“We’re growing every year, the tourism dollars that are coming in, the lodging tax revenue - all of that, and that gets funneled back into our cities to help our cities grow,” Norton said.

Norton said the MCCVB has found today’s potential visitors are “more savvy” and looking for a “very unique experience.” Through social media and the internet, she said everyone is exposed to “so many more” options for travel making the tourism market “very competitive.”

“You have to be able to distinguish your destination in a way that really sets it apart and makes it unique,” Norton said. “You have to tell your unique story.”

Since telling the county’s “unique story” is the goal, Norton said the MCCVB is in the process of a rebranding project. She said Chandlerthinks, a company from Tennessee, was hired to help with the project. With Chandlerthinks working solely with tourism and being, as Norton describes, “one of the top destination branding companies in the country,” the MCCVB is on its way to bringing in more visitors to the county.

“We felt like it was time for us to reevaluate what is our story and how are we marketing our destination,” Norton said.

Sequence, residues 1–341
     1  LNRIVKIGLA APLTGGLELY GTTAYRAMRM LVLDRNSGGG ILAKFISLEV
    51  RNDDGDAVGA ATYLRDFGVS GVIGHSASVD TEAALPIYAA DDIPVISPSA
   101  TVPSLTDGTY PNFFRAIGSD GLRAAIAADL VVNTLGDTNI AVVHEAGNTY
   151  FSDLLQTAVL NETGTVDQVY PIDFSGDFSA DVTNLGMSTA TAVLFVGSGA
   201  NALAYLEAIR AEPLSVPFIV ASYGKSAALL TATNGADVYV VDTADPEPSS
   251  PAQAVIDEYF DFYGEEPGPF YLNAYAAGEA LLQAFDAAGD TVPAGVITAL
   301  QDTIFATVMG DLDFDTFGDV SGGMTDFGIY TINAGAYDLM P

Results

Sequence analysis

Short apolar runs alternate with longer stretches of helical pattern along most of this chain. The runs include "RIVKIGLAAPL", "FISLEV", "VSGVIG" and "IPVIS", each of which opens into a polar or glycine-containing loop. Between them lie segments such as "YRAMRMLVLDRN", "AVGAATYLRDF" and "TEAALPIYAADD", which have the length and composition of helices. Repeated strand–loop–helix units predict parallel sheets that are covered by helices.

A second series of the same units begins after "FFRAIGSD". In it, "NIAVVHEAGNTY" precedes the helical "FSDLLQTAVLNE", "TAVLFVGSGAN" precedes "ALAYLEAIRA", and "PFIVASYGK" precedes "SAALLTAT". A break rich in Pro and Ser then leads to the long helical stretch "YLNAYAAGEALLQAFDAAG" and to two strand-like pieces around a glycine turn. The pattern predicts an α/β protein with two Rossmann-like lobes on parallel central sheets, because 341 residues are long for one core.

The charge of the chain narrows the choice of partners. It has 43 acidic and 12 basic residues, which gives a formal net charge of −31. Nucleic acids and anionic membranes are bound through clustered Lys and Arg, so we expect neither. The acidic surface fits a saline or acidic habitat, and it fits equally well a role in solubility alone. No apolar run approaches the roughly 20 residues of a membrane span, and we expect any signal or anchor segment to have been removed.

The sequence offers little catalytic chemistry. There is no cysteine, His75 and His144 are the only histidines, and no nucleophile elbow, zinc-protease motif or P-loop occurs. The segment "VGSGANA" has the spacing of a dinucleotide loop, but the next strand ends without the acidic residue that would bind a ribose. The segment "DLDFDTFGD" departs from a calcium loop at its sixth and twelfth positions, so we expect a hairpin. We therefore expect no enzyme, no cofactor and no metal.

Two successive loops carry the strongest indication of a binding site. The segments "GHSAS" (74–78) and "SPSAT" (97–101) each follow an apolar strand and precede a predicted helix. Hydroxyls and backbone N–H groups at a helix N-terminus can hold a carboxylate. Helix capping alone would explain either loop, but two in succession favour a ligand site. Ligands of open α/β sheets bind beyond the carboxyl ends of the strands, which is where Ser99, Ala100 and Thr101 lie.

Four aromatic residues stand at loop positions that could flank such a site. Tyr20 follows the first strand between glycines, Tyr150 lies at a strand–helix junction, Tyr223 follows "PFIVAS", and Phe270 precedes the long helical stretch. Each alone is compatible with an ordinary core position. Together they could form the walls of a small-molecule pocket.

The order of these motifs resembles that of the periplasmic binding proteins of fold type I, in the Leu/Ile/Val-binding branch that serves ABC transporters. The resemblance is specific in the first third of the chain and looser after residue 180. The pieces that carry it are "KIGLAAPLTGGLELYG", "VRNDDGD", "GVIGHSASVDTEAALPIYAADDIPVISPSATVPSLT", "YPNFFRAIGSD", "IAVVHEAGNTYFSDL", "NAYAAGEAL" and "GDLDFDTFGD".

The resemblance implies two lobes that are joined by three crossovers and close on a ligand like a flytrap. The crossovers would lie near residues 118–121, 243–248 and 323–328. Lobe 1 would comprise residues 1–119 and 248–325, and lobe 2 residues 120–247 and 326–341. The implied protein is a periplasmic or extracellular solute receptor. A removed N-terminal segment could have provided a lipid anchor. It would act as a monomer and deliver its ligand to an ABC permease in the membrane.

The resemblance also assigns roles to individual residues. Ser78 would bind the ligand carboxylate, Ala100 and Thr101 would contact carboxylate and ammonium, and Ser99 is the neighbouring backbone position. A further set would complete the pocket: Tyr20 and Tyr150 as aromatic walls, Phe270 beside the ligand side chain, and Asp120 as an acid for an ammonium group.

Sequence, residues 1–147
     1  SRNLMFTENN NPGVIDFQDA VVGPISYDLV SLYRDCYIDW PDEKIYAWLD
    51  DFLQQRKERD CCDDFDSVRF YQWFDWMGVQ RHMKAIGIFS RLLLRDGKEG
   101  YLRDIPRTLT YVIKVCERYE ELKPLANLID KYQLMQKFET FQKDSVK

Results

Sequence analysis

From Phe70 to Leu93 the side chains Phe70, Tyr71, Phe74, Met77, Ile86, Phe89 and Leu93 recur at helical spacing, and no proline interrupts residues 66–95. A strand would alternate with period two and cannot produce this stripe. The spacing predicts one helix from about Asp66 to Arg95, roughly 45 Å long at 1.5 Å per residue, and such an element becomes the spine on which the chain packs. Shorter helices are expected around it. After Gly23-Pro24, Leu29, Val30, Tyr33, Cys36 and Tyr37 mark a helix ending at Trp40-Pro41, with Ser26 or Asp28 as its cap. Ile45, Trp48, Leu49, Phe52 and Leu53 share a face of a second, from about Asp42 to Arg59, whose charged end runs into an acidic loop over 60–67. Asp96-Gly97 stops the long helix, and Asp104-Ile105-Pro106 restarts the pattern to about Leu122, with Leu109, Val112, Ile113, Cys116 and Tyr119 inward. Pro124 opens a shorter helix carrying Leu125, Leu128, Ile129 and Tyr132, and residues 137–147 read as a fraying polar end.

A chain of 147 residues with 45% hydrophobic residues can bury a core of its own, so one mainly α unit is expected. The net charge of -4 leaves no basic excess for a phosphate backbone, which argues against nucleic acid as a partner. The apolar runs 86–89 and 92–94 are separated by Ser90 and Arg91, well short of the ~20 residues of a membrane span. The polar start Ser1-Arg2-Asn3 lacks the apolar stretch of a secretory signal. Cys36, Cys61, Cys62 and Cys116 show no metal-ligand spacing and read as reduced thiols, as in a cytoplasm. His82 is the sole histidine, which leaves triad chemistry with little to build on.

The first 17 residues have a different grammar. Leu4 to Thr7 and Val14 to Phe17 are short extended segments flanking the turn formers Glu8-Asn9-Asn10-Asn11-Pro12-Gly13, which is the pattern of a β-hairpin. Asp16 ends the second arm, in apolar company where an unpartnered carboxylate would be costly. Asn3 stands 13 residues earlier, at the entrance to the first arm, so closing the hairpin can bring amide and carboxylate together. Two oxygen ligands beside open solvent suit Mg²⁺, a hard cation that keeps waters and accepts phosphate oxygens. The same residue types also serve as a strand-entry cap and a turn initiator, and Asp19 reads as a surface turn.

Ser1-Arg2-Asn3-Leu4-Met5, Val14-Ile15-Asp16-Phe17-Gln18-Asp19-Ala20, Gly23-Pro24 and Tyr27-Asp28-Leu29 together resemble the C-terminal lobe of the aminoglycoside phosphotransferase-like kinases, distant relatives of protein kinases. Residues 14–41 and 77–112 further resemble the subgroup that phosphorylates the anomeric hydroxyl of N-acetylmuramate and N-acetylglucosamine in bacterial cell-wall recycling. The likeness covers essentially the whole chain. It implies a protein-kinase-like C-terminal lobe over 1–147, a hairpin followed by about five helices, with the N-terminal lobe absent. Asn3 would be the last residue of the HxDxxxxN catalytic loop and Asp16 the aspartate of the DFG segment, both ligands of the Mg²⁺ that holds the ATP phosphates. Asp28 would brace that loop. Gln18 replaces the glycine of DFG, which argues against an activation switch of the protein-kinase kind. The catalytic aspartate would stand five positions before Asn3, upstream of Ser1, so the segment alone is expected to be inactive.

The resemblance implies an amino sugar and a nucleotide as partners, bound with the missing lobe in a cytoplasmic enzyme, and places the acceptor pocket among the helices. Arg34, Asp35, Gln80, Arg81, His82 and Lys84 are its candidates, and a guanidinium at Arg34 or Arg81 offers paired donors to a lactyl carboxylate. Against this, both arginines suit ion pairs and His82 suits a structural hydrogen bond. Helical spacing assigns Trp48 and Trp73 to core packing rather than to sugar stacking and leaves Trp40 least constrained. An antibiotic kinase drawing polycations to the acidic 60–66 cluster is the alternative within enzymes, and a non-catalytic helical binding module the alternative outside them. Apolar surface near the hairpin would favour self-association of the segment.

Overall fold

According to Norton, Chandlerthinks spent a week in Marshall County and held five focus groups, which included people “directly and indirectly touched by tourism in some facet.” She said Chandlerthinks held interviews with the mayors of the four major cities within the county to do further research. The branding company sent communitywide surveys to residents to see how tourism was perceived, and she said more than 200 of those surveys were collected. Chandlerthinks also asked people outside the community, within the MCCVB’s “drive market,” to see what they thought of the county. She said the potential visitors were asked tourism-related questions, to assist the MCCVB in marketing the community.

Norton said the MCCVB destination markets to the leisure traveler and direct markets for sports and fishing. She said the MCCVB attends conferences to gain one-on-one access to sports directors and persuade them to hold tournaments in Marshall County. The MCCVB partners with places, like the Lake Guntersville State Park, to recruit conferences to the county.